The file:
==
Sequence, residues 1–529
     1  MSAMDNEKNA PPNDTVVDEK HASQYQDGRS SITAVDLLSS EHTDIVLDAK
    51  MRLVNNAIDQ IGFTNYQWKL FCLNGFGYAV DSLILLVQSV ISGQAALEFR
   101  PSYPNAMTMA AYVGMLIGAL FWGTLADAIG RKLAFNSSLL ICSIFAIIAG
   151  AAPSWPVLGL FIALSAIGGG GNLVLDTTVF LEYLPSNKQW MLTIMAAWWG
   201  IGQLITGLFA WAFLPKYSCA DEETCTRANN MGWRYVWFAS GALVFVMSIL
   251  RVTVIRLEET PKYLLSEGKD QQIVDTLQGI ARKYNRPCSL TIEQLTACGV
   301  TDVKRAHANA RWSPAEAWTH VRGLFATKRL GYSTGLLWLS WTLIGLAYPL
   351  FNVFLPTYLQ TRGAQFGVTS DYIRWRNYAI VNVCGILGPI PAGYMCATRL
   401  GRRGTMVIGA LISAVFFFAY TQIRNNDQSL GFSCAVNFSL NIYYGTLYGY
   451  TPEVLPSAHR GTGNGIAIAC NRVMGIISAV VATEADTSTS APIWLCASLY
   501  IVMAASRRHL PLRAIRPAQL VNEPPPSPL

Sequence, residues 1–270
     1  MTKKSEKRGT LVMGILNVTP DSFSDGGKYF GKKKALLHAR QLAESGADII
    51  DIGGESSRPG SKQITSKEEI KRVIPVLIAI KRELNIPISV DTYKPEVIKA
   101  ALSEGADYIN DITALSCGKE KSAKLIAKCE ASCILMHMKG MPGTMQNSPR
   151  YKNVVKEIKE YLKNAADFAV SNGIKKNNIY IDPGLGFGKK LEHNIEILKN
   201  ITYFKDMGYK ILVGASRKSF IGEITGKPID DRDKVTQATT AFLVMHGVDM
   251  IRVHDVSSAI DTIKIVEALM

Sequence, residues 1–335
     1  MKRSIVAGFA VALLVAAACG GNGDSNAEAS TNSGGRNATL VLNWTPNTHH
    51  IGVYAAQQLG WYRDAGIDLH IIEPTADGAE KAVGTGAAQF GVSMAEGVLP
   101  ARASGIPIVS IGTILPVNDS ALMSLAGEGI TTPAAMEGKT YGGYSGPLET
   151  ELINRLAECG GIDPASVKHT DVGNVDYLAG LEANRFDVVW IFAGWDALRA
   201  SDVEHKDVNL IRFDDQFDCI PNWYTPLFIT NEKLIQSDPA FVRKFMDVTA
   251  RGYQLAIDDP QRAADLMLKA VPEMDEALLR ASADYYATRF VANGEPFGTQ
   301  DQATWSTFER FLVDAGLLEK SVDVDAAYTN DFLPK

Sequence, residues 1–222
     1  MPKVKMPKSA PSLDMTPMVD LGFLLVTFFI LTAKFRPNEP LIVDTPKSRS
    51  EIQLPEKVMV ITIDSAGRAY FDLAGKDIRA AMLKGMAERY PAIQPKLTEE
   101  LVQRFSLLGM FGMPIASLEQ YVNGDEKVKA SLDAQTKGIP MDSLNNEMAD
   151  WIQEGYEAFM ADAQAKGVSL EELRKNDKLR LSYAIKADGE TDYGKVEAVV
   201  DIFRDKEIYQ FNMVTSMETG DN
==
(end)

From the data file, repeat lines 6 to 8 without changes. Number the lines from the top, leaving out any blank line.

   201  IGQLITGLFA WAFLPKYSCA DEETCTRANN MGWRYVWFAS GALVFVMSIL
   251  RVTVIRLEET PKYLLSEGKD QQIVDTLQGI ARKYNRPCSL TIEQLTACGV
   301  TDVKRAHANA RWSPAEAWTH VRGLFATKRL GYSTGLLWLS WTLIGLAYPL